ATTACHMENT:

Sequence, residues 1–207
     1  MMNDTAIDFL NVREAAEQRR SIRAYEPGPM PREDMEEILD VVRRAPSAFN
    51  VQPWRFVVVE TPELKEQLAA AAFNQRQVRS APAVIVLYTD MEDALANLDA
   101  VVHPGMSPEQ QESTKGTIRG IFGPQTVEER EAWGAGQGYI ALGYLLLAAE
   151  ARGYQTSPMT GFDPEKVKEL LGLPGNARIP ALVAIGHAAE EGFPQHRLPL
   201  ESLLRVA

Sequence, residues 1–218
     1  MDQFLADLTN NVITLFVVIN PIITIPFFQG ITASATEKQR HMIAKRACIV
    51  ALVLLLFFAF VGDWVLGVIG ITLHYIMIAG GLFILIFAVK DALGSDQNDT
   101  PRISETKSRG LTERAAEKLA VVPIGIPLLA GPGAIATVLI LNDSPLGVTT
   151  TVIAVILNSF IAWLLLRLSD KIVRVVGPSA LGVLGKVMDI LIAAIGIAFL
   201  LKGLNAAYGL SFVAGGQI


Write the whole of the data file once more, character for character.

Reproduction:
Sequence, residues 1–207
     1  MMNDTAIDFL NVREAAEQRR SIRAYEPGPM PREDMEEILD VVRRAPSAFN
    51  VQPWRFVVVE TPELKEQLAA AAFNQRQVRS APAVIVLYTD MEDALANLDA
   101  VVHPGMSPEQ QESTKGTIRG IFGPQTVEER EAWGAGQGYI ALGYLLLAAE
   151  ARGYQTSPMT GFDPEKVKEL LGLPGNARIP ALVAIGHAAE EGFPQHRLPL
   201  ESLLRVA

Sequence, residues 1–218
     1  MDQFLADLTN NVITLFVVIN PIITIPFFQG ITASATEKQR HMIAKRACIV
    51  ALVLLLFFAF VGDWVLGVIG ITLHYIMIAG GLFILIFAVK DALGSDQNDT
   101  PRISETKSRG LTERAAEKLA VVPIGIPLLA GPGAIATVLI LNDSPLGVTT
   151  TVIAVILNSF IAWLLLRLSD KIVRVVGPSA LGVLGKVMDI LIAAIGIAFL
   201  LKGLNAAYGL SFVAGGQI